The Visual Difference Between Linear and Non Linear Workflow
By Neil Blevins
Created On: Sept 21st 2013

If you don't know a lot about Linear Workflow (LWF) yet, you may wish to read Wouter Wynen's Linear Workflow tutorial and my Linear Workflow In Vray For 3dsmax Cheetsheet before reading below. While these are max/vray specific tutorials, the theory is the same for all renderers and 3d apps.

This lesson comes out of a discussion we had on the vray forum, there's plenty of tutorials discussing how to use Linear Workflow, and why you should use Linear Workflow, but there isn't as much information out there on exactly what the visual difference is between a Linear and a Non Linear workflow image. Lets take a deeper look at exactly what is happening.

The following two images are made with a neutralized lighting rig. That means that if you provide a material that's 50% grey, the end result in your render is 50% grey. The Non Linear image has a input color of 128,128,128 and the Linear image has the same color but with a gamma of 2.2, in order to achieve the same final color in the two renders (this is discussed in more detail in my Linear Workflow In Vray For 3dsmax Cheetsheet). This way, we can compare apples to apples.

Each has a single area light from the upper right, no sky or fill light and no GI.

 Non-LWF LWF

Feel free to save the images and flip between them to see the difference more clearly.

You'll see the main difference is that the Non Linear one has a much softer and gradual falloff to black, and the Linear Workflow image has a larger area of flat bright color and a sharper falloff to black.

Alfa Smyrna on the vray forum I think said it best: "I see LWF as adjusting the falloff curve for the transition from black to white. I perceive it as a falloff for greys so gamma=1 is a more steep transition but especially for interiors with small openings, LWF makes the greys look more similar to real life distribution of light."

My renders above support that idea, the two workflows have a very different falloff curve for the transition from black to white.

Here's another example, this time something more complicated. The linear workflow image has less contrast than the non linear workflow image...

In this example, I apply a levels in photoshop to the Linear Workflow image and get back an image that's a lot closer to the Non Linear image.

Here's a similar example, but this time with texture maps...

Similar results, although the Linear image run through the Levels Color Correction is not as close to the Non Linear render because the levels color correction is adding contrast to both the lighting of the scene as well as the textures.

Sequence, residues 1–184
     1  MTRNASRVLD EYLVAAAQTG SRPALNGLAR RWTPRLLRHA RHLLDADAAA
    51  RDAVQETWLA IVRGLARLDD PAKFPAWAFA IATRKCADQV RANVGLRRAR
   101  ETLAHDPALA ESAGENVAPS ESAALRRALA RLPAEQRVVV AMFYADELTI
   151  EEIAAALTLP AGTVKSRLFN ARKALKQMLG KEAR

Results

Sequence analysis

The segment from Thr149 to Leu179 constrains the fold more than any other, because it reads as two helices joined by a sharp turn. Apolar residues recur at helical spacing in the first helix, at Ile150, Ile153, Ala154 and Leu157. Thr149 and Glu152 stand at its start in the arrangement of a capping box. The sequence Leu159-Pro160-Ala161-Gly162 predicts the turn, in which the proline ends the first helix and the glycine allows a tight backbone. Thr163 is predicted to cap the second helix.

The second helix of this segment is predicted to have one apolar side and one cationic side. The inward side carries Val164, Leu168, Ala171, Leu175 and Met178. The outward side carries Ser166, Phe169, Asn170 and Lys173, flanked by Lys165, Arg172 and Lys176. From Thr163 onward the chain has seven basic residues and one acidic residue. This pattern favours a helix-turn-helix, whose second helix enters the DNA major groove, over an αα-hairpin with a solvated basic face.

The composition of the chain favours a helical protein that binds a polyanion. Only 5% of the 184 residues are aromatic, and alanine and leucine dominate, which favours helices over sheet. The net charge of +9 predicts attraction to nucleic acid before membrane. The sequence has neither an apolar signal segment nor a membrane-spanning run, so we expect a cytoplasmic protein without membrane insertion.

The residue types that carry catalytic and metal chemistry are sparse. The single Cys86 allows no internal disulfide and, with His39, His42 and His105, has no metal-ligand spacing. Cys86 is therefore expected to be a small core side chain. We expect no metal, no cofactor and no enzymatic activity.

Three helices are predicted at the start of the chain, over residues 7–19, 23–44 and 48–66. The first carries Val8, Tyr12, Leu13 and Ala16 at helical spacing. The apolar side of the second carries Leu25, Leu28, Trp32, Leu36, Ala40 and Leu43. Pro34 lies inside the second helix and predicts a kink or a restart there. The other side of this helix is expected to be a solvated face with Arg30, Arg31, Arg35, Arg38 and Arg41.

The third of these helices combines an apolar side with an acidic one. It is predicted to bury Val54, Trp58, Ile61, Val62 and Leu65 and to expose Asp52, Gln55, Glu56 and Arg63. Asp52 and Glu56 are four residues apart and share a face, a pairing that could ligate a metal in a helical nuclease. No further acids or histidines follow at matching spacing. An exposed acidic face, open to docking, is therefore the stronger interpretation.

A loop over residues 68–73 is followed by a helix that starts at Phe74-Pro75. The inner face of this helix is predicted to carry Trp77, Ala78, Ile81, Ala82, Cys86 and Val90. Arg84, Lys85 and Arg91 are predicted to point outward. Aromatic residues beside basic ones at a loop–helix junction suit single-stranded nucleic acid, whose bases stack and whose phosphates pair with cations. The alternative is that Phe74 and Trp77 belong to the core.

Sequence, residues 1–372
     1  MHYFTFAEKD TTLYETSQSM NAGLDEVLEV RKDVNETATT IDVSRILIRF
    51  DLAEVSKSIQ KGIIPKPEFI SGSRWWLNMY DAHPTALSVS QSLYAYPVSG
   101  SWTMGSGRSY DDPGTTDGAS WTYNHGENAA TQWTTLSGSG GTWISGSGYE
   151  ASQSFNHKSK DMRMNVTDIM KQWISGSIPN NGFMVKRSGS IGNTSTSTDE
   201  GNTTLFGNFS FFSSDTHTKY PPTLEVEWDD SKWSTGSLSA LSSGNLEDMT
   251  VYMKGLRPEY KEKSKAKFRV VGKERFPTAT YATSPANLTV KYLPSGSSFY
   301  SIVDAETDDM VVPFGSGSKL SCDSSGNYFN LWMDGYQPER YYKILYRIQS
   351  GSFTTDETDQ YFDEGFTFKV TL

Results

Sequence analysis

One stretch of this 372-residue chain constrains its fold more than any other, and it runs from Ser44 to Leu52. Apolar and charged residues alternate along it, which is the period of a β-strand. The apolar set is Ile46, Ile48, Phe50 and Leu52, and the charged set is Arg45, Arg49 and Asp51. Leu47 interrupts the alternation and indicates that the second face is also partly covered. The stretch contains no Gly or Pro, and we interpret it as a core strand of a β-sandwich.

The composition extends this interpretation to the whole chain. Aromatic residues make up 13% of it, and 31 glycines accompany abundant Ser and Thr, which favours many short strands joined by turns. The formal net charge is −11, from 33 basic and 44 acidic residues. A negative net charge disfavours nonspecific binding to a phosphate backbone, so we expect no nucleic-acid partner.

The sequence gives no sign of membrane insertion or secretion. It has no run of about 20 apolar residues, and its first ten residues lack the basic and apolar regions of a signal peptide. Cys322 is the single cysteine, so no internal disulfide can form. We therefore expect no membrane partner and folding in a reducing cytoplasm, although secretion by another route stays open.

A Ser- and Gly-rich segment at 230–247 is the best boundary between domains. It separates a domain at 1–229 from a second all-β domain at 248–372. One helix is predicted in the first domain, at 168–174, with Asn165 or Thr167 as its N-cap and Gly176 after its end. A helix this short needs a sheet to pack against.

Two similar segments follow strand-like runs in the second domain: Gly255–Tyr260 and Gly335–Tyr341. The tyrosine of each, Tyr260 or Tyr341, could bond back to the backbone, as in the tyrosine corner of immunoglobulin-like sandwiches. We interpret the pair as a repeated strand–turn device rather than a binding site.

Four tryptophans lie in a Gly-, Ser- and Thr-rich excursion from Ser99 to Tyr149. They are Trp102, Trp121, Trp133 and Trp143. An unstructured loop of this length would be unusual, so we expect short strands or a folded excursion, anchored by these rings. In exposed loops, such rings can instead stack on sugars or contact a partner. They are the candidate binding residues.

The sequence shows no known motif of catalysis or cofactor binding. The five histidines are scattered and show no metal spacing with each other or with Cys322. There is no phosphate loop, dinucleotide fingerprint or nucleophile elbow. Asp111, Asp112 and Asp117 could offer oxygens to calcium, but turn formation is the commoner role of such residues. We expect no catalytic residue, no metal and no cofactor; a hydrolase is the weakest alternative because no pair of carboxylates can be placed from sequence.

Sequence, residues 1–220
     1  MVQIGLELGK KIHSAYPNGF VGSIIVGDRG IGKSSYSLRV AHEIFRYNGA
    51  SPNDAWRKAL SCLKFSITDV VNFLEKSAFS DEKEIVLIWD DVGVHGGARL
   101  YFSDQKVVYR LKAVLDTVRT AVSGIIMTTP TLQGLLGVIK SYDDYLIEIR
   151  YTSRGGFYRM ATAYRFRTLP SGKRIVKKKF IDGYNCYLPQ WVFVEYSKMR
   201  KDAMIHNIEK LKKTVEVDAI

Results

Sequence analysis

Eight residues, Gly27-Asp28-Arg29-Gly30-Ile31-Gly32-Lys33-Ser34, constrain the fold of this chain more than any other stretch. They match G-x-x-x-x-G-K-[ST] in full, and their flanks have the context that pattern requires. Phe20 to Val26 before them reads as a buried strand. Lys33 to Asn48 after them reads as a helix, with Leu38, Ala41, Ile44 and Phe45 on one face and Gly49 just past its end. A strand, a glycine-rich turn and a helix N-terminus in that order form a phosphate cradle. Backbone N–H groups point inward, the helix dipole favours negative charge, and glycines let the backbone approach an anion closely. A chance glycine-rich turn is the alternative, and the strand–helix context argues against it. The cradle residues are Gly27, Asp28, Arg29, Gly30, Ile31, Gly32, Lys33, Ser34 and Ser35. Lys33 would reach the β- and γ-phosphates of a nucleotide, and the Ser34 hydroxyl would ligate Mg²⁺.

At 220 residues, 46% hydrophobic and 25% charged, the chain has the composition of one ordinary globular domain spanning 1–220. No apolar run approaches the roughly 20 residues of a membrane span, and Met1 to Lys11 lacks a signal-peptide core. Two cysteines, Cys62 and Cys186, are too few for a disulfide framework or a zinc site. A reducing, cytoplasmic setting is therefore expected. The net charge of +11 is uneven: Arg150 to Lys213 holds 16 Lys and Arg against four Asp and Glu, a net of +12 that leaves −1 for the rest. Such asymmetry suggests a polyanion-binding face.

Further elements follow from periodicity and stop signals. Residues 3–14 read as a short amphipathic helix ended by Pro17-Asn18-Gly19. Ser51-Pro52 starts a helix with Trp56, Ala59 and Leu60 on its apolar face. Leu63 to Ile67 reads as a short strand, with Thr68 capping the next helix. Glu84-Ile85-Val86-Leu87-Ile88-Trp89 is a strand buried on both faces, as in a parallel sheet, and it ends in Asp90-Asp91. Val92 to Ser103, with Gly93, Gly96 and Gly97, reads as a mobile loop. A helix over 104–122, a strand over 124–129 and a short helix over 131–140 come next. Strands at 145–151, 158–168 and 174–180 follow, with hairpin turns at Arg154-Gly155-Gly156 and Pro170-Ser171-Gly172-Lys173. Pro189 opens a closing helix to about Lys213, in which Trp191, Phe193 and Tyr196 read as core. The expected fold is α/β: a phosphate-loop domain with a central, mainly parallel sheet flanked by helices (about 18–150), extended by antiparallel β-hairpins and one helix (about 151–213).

Here's a more complex lighting situation, a skylight using an hdr image map with a number of GI bounces (the ground surface is 50% grey at the material level and in the final render)...

 Non-LWF LWF

This is a great example of the downsides of not using Linear Workflow, the image on the left has plenty of contrast, but notice that the environment map and the texture map I'm using look like this in photoshop...

So the texture maps in the left render are way too dark. With Linear Workflow, the texture maps look a lot closer to the real colors, but the lighting is less contrasty.

BTW, here's me applying a Curves color correction in photoshop to the image...

It's not as contrasty as the non linear image, but has deeper blacks than the linear image.

Now, whether you like the more contrasty image or the less contrasty image is a matter of taste, it's an artistic choice. Mathematically, Linear Work Flow is better for a number of reasons, and it's easier to integrate cg elements into real photography using Linear Workflow. But artistically, you may be after something different. Afterall, realism may not be your goal. Even in live action films the Directors Of Photography will shoot on a film stock that specifically increases contrast, or will crush the blacks at the color grading step. If you like the final look of the linear workflow image, then great, you're all done. But if you want to get your contrast back, here's your options...
1. Don't use linear workflow. You'll keep your contrast, but your texture maps will tend to look wrong and you'll have to do a lot of extra steps since almost all renderers and 3d apps now default to linear workflow. Also, you may get incorrect results with displacement maps, for example, if you export a displacement map out of mudbox to use inside 3dsmax, you want to set its gamma to 1, or else you'll get incorrect results, since you want the absolute numeric value of the map, not a visual value.
2. Use Linear Workflow, get contrast by color correction. So take your LWF image and bring it into photoshop or a compositor like Nuke or Digital Fusion, and use color correction to increase the contrast of your image to your liking. Some common tools would be Levels, Curves, gamma, exposure, etc. Also, you may want to save your image out of the renderer as a floating point exr with a gamma of 1 since that'll provide you more data to do your color correction on, and then the last step is applying the 2.2 gamma in your composite.
3. Use Linear Workflow, adjust your lights. In more complex lighting situations, you can get some of your contrast back by reducing the fill light in your scene and/or reducing the multiplier on your secondary light bounces (if using GI)
What your choose is up to you, but hopefully this lesson will give you a better understanding of the problem, which hopefully will lead to a solution that works better for you.

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